Blockchain and cryptocurrency technologies have caused business leaders to rethink the way we own, govern and share the benefits of enterprise. James advises entrepreneurs and investors as they pioneer new, more inclusive operating models in professional sports, finance, social media, gaming, agriculture and other industries.
To do this, James draws from two complementary sources of experience. The first is his practice assisting public companies, private equity funds and venture capitalists with registered and unregistered securities offerings; high-stakes M&A; corporate governance; and Exchange Act reporting. The second is his experience advising clients outside the Wall Street and Silicon Valley mainstream, including cooperatives, limited cooperative associations and nonprofit corporations. By combining these two worlds, James is able to offer unexpected legal solutions to blockchain-based companies as they seek venture financing, design and issue tokens, and select business entities for DAOs.
James also appreciates the inherently global reach of blockchain and cryptocurrency. After law school, he spent two years clerking for the US Court of International Trade in New York City. Before that, James lived for two years in the eastern Ukrainian cities of Dnipro, Donetsk, Kharkiv and Mariupol. James is fluent in Russian and maintains ties with his friends in the war zone.
Turbulence in crypto and blockchain has shed light on a question that has received increasing attention: how web3 companies share ownership in digital networks, including through tokens.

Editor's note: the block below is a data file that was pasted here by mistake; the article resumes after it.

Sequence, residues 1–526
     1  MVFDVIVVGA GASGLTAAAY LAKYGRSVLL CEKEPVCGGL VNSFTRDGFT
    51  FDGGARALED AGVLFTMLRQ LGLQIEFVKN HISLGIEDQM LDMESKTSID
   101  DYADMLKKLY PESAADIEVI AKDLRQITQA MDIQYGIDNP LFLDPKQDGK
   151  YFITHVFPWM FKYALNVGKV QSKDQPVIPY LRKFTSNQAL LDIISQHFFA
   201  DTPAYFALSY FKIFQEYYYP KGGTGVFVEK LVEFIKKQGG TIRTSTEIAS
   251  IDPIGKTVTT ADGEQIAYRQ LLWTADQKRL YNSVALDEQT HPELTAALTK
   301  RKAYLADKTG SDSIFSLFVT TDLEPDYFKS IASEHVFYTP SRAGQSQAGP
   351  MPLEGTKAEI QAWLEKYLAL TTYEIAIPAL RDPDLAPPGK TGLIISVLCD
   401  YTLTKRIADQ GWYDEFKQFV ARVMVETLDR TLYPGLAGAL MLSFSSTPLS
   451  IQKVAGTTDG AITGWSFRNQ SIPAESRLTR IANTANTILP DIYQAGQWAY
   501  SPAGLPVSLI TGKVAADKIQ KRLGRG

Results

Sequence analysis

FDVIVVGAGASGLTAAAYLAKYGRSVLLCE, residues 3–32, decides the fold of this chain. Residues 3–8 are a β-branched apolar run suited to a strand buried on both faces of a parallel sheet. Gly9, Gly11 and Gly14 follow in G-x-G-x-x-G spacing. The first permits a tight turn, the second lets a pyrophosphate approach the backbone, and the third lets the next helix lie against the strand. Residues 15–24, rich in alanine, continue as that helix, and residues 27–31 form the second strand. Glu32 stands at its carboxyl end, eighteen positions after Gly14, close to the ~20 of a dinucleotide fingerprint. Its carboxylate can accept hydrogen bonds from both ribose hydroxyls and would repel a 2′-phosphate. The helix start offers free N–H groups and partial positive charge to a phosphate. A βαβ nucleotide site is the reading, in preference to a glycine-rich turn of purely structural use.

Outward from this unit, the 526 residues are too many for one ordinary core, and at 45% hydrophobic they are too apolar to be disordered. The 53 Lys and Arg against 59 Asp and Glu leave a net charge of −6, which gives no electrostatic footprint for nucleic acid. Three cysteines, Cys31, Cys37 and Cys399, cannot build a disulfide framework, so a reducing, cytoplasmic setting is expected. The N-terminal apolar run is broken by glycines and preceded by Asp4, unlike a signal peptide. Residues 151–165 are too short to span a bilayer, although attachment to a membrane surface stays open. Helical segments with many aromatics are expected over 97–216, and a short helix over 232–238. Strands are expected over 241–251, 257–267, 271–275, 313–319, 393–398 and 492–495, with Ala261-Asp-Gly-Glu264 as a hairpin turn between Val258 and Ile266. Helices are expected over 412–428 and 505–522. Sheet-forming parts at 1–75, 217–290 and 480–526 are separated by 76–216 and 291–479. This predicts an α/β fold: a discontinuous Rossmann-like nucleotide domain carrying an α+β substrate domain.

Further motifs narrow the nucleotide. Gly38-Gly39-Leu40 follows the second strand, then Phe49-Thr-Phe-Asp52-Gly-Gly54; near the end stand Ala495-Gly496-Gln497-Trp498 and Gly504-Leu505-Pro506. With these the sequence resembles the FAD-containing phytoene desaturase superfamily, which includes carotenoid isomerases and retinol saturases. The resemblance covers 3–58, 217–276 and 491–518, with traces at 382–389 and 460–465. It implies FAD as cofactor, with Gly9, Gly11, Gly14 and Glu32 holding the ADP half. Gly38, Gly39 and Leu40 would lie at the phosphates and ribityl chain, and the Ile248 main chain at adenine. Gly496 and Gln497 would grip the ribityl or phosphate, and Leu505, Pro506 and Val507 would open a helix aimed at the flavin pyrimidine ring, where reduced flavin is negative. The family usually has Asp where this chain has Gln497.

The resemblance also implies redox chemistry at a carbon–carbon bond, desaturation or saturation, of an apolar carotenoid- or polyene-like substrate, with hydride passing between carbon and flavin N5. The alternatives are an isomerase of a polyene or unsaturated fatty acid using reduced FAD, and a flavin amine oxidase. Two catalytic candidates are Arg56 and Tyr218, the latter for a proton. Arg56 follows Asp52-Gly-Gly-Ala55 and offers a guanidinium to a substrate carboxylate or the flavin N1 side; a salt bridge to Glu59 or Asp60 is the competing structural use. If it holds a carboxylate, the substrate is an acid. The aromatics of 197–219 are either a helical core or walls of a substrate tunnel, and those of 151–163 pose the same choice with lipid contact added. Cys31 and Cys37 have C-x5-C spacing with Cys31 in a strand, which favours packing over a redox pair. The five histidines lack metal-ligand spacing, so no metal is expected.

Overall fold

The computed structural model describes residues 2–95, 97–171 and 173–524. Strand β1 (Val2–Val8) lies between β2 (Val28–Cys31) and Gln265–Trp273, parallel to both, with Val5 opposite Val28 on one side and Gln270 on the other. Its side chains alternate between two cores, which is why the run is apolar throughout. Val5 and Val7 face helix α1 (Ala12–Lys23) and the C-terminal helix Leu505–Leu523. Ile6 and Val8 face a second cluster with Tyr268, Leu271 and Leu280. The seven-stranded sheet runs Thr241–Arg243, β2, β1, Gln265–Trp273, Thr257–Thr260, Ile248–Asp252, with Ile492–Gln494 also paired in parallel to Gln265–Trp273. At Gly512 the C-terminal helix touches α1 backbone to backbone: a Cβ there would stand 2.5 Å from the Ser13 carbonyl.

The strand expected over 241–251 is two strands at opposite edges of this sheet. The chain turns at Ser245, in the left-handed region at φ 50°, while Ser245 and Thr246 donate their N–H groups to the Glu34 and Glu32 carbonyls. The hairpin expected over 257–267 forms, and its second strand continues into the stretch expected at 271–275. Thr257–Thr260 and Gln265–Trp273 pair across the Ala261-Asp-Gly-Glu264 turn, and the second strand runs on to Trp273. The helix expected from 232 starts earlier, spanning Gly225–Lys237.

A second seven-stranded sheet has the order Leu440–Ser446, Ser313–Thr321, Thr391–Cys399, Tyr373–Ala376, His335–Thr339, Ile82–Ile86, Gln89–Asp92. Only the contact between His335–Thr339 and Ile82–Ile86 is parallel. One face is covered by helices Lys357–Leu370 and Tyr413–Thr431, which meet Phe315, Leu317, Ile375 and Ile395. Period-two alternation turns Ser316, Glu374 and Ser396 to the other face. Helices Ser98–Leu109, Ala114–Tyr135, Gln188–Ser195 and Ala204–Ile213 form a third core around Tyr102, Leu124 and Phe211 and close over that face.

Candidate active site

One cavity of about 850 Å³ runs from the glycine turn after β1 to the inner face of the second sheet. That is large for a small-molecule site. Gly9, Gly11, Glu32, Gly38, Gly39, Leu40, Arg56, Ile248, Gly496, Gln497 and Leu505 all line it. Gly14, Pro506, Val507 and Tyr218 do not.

As the industry wrestles with this question, builders and investors should consider adding cooperatives to their ownership structures. A handful of web3 projects have done so, but the model is not widely understood in the web3 context.
Credit unions, rural utilities, insurance companies, and agriculture producers often organize as cooperatives. In web3, projects that add cooperatives to their ownership structures could boost participation and reduce regulatory risk while giving users more control of the digital networks they use and a share of the value they create.
The SEC has consistently declined to classify cooperative memberships as securities, enabling cooperatives to distribute ownership to users quickly and easily, while also offering important protections to their members.
A new white paper from Orrick, KPMG and Upside Cooperative explores whether a legal structure common to credit unions and rural utilities could help revitalize blockchain and realize the web3 vision of a new digital world.
DOWNLOAD THE FULL REPORT